Stage 2 – Contemplation:

At this stage the person is aware that a problem exists, they are thinking about changing but have made no commitment to take action. Here the person tends to be ambivalent and while they can see some benefits in changing, they are also aware of, or may even be experiencing, the benefits of not changing. Weighing up the pro’s and con’s of changing can be very powerful in moving a person from Stage 2 to Stage 3. Considering small changes that may move a person in the direction of the bigger change should also be explored.

Stage 3 – Decision/Preparation:

At this stage the person makes a decision to change. There is a firm commitment to change and plans are formulated to accomplish that goal. This can often occur after some specific triggering event which increases the person’s motivation to change. Commitment to change should be formally documented in writing and any goals that are set should be achievable, measurable, realistic and directly related to the desired behavior change.

Stage 4 – Action:

In this stage the plan is put into effect and the change is made.This may involve stopping the unwanted behaviour altogether or reducing it to a more acceptable level. Monitoring and reviewing progress of the plan is important and people should be helped to acknowledge, celebrate and reward their success to date as well as reinforcing the benefits of making the change. Accessing support systems should also be encouraged.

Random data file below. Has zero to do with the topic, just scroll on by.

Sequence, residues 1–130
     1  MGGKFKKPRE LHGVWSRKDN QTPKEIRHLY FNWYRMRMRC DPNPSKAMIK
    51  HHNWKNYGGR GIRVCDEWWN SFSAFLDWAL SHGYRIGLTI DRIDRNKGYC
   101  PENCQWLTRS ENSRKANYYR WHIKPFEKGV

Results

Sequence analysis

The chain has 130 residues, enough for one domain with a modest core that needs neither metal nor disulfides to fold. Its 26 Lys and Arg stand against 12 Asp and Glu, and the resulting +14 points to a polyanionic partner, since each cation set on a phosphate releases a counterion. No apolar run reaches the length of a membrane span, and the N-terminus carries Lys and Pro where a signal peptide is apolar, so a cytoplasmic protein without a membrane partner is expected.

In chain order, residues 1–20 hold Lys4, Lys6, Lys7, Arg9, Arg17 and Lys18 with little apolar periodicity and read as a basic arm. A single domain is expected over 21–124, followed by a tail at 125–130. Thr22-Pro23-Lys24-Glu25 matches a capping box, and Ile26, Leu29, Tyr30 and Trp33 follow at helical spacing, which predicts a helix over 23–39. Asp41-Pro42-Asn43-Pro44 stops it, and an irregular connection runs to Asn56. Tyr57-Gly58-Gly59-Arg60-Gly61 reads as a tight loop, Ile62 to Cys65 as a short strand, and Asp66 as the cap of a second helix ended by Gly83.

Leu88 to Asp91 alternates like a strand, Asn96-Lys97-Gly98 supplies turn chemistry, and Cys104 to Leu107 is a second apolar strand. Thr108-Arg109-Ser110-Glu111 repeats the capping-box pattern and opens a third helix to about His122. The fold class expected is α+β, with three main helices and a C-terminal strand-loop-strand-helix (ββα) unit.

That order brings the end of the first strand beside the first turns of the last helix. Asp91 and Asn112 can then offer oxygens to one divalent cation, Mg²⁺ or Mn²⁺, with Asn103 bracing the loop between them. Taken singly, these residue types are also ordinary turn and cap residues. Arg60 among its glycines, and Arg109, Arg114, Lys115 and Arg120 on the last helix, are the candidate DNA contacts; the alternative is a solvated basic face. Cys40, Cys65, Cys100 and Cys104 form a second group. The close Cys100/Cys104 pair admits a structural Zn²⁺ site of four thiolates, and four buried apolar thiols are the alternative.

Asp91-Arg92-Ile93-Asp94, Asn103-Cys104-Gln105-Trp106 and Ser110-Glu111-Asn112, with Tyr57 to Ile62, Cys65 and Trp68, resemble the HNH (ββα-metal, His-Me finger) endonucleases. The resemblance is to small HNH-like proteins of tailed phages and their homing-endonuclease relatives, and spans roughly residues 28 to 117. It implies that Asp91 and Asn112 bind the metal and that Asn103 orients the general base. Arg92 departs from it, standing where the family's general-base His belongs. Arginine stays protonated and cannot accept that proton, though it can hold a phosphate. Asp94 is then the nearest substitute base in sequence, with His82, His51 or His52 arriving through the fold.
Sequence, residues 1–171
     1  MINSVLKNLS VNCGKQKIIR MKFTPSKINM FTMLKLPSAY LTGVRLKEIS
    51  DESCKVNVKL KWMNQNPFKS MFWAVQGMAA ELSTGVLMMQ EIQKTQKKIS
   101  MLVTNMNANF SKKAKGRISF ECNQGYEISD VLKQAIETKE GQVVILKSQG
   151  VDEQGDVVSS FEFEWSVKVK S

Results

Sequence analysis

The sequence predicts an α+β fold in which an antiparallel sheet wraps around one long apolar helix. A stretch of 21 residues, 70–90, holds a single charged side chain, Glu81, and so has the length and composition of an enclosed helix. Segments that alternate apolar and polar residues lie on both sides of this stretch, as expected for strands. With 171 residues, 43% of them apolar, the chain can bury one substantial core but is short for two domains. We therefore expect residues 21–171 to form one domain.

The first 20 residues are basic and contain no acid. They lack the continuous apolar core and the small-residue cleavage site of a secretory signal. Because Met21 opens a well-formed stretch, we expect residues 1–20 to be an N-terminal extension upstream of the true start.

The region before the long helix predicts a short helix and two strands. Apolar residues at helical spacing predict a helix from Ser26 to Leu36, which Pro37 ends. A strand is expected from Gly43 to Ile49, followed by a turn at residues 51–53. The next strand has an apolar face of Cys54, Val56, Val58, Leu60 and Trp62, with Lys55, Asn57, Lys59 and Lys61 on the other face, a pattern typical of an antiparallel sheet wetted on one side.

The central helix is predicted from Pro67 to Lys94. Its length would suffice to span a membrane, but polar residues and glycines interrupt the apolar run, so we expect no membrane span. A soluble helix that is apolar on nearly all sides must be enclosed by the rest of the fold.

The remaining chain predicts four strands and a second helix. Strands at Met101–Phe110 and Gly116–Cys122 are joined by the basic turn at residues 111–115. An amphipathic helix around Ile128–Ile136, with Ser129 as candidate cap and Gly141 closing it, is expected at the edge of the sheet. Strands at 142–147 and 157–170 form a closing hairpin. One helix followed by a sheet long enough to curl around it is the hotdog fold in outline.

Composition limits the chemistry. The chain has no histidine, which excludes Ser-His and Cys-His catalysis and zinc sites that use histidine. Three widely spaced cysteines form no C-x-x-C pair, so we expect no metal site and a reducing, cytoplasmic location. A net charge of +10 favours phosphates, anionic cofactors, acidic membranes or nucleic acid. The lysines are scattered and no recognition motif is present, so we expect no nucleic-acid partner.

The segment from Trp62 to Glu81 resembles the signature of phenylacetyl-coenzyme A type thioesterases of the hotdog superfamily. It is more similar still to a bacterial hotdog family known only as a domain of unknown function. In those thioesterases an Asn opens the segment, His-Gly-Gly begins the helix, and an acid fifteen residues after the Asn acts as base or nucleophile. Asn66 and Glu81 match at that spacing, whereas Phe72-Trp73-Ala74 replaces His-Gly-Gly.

Stage 5 – Maintenance:

In the maintenance stage changes are typically consolidated and reinforced. If things are going well, then the person maintains their progress in stopping or cutting down on the unwanted behaviour. People should be helped to recognise, however, that change and development is an ongoing process. Relapse can occur at this stage – and that is perfectly normal and natural. People at this stage of the change cycle should be encouraged not to lose heart if a relapse occurs, as this is not a sign that they cannot change. They should also be helped to look at their progress to date and to formulate a new plan to overcome the resistance or blockage to change and any setbacks that they are experiencing.

 

 

 

Stage 6 – Permanent Exit: